US troops are chatting with Lotus Sametime

The US Army is considered very hi-tech, adopting many technologies that enable the troops and commanders to be more connected – to the field and to each other. Nevertheless, I was pleased to read over at The Sametime Blog (John Del Pizzo), that the US troops in Iraq are using IBM Lotus Sametime to communicate with one another, and video-chat with colleagues back in the US. The Army usage of Lotus Sametime isn’t for chatting alone – it’s a complete unified communication and collaboration solution, that enables troops to transfer text, audio, video and files, over a secure network, in a single interface.

“We’re hitting between 5,000 and 6,000 chats per day,” said Lt. Col. Mathew Riordan, product manager for the Army’s program office for EIS Enterprise Information Systems. “There is a lot of communication. Someone in theater can easily chat with someone in Warren, Mich.”

The army also took advantage of the solution’s development platform, and added a plug-in that creates groups based on geographical location:

“Basically, what we did was took their product and added a thing called groups,” Riordan said. “When someone goes into the system, they can go in to chat online. There are 351 public groups showing who is online. You can add your office and see anyone that is online.”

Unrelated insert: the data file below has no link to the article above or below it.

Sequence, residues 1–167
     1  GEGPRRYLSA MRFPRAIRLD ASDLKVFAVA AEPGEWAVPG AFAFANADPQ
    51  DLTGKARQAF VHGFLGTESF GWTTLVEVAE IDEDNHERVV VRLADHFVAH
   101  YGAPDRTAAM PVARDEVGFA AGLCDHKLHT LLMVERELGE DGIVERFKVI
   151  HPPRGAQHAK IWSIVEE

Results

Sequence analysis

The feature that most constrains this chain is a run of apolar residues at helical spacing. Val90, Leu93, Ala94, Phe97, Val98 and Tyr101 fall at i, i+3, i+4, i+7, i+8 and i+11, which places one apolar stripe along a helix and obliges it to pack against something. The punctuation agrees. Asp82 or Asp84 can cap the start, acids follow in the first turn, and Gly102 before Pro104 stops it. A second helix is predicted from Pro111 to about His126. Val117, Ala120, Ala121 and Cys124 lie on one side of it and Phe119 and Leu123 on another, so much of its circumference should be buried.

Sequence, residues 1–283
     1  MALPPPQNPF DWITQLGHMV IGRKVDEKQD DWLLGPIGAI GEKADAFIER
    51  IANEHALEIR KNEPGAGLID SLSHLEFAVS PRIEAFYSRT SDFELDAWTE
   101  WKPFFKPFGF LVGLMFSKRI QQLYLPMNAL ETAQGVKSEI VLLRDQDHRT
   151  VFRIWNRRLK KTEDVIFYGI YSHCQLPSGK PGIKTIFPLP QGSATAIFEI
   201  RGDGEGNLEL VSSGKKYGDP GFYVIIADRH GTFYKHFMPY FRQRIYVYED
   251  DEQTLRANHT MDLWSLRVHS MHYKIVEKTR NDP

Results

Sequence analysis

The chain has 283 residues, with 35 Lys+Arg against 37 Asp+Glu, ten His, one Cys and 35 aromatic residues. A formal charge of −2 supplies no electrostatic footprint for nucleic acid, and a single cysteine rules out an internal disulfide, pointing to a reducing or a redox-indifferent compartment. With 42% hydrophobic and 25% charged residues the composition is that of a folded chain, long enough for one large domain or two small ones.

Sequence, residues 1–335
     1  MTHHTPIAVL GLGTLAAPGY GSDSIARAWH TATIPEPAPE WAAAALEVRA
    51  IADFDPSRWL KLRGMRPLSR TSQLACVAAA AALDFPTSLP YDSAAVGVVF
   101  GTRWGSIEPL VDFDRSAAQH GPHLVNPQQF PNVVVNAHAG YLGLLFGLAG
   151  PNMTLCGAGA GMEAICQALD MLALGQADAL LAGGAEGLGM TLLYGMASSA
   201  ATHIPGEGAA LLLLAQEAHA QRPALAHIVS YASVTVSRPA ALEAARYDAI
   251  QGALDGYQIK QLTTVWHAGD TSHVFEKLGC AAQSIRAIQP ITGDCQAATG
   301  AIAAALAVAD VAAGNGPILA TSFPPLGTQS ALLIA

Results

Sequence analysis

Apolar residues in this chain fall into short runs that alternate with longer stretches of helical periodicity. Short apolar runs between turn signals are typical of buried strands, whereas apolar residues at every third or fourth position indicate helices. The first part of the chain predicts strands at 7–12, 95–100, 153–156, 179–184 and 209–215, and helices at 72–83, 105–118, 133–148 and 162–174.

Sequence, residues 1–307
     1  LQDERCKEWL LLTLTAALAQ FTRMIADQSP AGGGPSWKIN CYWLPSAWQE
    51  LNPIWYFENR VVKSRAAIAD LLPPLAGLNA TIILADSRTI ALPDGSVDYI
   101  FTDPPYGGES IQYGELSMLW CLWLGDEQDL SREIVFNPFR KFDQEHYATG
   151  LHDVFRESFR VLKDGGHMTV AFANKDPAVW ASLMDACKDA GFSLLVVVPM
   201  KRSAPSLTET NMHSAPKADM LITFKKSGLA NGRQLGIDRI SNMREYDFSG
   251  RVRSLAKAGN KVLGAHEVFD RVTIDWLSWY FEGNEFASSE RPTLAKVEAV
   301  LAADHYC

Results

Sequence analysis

Lotus Sametime also enables forces on the ground in Iraq to get better intelligence, using the knowledge the previous force gathered on its tour:

“If I go to Iraq, I can reach back and ask about a mullah or a mosque or an intersection,” said Daniel Gouré, vice president of the Lexington Institute, a Fairfax, Va.-based think tank. “It can really help the knowledge base. This is the Army really thinking.”

The Sametime Blog – The official US Army chat room software
Defense News – US Army buys collaboration software
Strategy Page – The official US Army chat room software
IBM Lotus Sametime on

And, finally, while on the subject of Lotus Sametime, a nice retrospective video of Sametime’s first 10 years (1998-2008):

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